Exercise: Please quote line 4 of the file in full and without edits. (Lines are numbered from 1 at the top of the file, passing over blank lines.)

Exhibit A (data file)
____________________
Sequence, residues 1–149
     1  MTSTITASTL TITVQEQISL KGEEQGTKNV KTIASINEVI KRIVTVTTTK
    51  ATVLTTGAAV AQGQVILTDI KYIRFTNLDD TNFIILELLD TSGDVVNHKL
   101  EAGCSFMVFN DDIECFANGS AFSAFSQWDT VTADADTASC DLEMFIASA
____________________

   101  EAGCSFMVFN DDIECFANGS AFSAFSQWDT VTADADTASC DLEMFIASA